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Summary

Near Mount Etna in Sicily lies Casa Cuseni, a beautiful house built in golden stone - and the home that Daphne Phelps was astonished to find she had inherited in 1947. At the age of 34, war-weary from working as a psychiatric social worker, with barely any Italian, and precious little money, she plunged into a fascinating Sicilian world. Every imaginable problem had to be overcome, not only financial difficulties but local authorities and a house staff who initially felt no loyalty to the new Signorina but who gradually accepted her as a respected member of their small community.

To help make ends meet, for many years she ran Casa Cuseni as a pensione and to her doors came Roald Dahl, Tennessee Williams, Bertrand Russell and Henry Faulkner. But just as important to her life and her story are the Sicilians with whom she shared the love and care of Casa Cuseni: Don Ciccio, the local mafia leader; Vincenzio, general manservant who recited while he served the meals; Beppe, a Don Juan who scented his eyebrows and his moustache to attract the local girls; and above all the steadfast cook and housekeeper who lives with Daphne still and to whom this book is dedicated.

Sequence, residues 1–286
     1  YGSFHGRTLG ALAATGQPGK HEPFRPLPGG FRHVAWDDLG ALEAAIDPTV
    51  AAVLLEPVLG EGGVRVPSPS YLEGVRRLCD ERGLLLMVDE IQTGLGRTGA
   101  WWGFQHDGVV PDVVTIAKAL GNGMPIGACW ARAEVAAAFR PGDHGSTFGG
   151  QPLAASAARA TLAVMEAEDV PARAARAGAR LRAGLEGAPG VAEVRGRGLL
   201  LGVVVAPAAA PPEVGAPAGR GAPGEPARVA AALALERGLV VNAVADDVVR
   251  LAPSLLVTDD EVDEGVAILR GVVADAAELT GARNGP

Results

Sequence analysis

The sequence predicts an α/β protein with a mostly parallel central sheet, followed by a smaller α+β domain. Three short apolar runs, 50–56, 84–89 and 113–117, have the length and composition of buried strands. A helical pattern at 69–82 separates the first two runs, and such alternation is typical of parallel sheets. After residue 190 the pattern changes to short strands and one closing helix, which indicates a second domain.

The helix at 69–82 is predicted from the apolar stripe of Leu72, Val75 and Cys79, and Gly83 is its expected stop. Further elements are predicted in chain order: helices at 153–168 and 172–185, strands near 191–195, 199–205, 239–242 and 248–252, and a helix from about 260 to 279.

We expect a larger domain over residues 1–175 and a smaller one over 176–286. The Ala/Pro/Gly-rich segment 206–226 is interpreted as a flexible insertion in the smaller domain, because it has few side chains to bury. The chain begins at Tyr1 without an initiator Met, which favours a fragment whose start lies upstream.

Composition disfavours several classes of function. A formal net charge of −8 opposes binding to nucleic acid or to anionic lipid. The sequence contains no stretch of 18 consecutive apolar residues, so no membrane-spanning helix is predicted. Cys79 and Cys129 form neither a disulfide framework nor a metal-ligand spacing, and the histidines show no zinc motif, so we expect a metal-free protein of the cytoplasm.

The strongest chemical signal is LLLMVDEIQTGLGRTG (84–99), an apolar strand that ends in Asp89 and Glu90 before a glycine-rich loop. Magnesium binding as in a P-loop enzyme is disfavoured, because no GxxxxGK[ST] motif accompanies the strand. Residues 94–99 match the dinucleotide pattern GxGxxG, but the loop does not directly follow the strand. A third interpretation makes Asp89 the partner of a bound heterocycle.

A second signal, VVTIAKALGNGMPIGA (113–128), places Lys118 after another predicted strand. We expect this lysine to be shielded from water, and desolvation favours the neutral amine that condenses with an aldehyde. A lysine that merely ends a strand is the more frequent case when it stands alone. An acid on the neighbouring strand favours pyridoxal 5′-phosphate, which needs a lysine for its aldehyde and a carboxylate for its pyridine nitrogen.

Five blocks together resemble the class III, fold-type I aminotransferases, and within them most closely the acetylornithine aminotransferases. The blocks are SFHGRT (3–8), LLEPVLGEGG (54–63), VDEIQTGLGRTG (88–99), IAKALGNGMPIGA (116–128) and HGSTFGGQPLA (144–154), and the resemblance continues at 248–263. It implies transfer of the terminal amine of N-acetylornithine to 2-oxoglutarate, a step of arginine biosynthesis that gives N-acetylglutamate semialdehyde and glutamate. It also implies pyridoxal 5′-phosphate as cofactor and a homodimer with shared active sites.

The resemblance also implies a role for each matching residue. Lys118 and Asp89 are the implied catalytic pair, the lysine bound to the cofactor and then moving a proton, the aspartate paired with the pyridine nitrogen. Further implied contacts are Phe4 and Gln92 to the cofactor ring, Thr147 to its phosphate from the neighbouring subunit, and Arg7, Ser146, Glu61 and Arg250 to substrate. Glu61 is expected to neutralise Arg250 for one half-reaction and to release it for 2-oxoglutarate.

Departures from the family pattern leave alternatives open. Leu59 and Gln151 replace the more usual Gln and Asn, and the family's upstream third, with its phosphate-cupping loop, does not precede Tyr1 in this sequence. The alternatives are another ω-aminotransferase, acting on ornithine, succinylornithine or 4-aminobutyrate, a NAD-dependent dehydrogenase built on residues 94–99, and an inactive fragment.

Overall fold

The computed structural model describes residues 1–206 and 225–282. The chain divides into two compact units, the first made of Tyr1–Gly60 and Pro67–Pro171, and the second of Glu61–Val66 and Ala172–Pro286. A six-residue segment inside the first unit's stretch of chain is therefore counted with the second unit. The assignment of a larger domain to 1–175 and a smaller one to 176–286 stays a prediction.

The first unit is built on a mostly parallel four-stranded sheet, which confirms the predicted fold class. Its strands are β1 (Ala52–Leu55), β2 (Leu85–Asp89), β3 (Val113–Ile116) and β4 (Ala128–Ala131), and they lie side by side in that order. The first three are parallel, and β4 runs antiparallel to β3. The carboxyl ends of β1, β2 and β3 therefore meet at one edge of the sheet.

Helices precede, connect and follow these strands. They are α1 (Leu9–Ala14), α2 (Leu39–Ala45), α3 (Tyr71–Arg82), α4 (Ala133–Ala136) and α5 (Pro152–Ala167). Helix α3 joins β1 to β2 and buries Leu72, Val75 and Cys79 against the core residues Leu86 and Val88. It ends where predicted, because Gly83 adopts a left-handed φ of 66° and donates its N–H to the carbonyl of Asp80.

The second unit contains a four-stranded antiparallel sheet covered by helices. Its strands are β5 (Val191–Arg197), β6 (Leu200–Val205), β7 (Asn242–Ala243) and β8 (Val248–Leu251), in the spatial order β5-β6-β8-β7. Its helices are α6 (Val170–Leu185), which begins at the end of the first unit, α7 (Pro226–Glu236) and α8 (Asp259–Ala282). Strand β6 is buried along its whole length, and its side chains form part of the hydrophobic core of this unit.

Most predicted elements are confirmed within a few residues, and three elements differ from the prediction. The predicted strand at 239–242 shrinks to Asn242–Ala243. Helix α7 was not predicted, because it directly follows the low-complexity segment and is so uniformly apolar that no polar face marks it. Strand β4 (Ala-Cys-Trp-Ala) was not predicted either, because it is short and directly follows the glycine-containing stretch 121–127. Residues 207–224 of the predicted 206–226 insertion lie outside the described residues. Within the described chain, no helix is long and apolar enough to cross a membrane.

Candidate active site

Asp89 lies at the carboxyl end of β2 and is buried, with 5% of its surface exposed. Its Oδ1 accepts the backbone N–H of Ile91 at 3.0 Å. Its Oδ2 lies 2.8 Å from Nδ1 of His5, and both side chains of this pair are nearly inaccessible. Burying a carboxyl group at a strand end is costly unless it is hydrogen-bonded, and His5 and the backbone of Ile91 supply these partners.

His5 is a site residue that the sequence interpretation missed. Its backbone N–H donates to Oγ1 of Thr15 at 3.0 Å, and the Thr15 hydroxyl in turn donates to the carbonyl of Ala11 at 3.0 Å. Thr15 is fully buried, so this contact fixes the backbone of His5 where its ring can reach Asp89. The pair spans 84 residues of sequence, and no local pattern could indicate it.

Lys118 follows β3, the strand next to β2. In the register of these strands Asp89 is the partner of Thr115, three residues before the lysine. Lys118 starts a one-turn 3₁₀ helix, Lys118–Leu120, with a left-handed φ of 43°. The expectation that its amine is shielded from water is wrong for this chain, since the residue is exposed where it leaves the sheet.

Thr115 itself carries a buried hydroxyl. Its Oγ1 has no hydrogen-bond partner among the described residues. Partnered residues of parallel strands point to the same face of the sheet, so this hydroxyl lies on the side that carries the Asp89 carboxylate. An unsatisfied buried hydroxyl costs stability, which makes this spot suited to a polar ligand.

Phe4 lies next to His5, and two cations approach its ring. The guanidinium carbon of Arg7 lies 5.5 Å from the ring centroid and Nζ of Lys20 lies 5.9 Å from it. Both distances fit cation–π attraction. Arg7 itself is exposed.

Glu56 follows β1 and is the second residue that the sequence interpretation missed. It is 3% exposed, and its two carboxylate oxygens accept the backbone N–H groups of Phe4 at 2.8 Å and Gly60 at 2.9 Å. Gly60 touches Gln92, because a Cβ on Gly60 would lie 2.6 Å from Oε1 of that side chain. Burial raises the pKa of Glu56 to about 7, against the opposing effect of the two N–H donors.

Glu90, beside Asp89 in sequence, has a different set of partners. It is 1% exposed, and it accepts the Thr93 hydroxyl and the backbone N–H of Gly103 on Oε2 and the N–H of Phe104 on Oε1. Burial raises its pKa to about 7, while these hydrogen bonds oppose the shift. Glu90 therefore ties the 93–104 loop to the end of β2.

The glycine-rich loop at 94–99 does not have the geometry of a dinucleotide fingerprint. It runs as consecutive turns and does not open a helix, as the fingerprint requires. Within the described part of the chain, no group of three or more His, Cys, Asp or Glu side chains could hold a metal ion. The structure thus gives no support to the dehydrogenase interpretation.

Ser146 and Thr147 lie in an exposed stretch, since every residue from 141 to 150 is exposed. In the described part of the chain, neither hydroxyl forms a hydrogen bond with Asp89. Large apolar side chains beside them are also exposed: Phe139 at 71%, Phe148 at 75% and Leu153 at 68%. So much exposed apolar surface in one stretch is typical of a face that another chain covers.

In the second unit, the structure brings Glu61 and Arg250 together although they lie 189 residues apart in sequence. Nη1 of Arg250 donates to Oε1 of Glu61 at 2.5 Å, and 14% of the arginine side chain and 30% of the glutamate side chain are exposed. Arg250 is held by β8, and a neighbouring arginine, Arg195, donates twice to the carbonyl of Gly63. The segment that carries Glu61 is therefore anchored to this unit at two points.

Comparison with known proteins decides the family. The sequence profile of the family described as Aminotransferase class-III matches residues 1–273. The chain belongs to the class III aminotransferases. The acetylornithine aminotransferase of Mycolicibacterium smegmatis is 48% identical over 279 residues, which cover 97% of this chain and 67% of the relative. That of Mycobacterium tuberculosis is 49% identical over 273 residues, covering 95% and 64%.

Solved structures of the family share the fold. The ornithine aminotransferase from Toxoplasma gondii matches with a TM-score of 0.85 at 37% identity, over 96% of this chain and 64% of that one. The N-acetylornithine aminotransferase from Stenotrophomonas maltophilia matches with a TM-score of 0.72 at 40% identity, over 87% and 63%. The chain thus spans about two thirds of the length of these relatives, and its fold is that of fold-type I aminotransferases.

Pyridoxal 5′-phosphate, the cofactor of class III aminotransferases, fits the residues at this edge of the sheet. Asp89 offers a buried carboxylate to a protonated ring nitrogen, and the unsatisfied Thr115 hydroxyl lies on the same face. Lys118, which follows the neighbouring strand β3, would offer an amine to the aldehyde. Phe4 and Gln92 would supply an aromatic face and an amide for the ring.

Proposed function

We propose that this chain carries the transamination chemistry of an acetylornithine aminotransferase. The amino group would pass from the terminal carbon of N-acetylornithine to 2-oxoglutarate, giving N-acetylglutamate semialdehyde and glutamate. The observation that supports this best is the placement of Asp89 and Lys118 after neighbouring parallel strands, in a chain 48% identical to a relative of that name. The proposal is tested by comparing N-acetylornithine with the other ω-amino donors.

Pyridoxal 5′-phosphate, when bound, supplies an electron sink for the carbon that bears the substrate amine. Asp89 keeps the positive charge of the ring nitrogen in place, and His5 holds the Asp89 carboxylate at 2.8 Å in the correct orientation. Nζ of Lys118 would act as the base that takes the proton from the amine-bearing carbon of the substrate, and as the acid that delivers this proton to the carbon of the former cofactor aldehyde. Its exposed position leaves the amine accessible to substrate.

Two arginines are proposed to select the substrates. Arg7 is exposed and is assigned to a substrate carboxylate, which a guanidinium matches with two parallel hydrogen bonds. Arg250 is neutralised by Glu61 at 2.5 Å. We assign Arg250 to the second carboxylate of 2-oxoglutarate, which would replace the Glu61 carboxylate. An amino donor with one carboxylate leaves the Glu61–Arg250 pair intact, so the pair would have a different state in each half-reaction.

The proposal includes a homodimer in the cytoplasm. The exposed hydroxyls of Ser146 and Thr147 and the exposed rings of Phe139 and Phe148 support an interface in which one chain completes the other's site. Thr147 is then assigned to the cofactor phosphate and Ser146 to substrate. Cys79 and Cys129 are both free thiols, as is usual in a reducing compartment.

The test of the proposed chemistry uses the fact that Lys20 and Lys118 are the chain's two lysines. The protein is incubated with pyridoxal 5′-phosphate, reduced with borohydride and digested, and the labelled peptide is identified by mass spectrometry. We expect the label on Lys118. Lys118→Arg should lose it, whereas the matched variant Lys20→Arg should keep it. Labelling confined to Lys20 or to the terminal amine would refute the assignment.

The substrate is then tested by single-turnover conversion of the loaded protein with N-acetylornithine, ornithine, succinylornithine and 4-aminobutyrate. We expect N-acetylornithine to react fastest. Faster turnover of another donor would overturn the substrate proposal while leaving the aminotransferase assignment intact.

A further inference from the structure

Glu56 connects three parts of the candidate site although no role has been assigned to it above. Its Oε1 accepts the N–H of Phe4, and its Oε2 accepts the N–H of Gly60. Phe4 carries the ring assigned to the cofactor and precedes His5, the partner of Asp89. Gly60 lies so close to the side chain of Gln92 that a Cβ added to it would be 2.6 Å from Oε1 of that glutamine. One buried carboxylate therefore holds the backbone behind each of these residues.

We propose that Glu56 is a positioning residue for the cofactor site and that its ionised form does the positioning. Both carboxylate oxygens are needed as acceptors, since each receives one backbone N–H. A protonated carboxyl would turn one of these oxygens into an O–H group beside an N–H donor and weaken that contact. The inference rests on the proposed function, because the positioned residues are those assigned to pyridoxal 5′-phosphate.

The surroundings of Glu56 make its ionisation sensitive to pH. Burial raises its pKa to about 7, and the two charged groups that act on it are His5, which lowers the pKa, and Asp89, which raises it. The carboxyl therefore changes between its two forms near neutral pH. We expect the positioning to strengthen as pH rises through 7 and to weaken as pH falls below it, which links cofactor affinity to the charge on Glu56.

©1999 Daphne Phelps (P)2006 Oakhill Publishing

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Fabulous social history over recent times

Having visited Sicily I was attracted to this book, I was not disappointed. It does give an overall picture of the social history and the problems that the people have to overcome to obtain even the most basics of need such as a family rather than being an orphan with the nuns, who themselves had no options but to stay there after maturing. I recommend this to anyone with an interest in how Sicily has fared past and present. It explains a great deal and makes sense of so much of which seems to be so contradictory to the outsider.

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Very evocative of life in Sicily

I have been listening while in Sicily and I am so glad I’ve had a window into the recent past and been able to feel the island. Daphne Phelps has very sensitively yet in beautifully descriptive ways told me more about the people their values and culture - and who they are today - than any guide Book could ever have done. Brilliant

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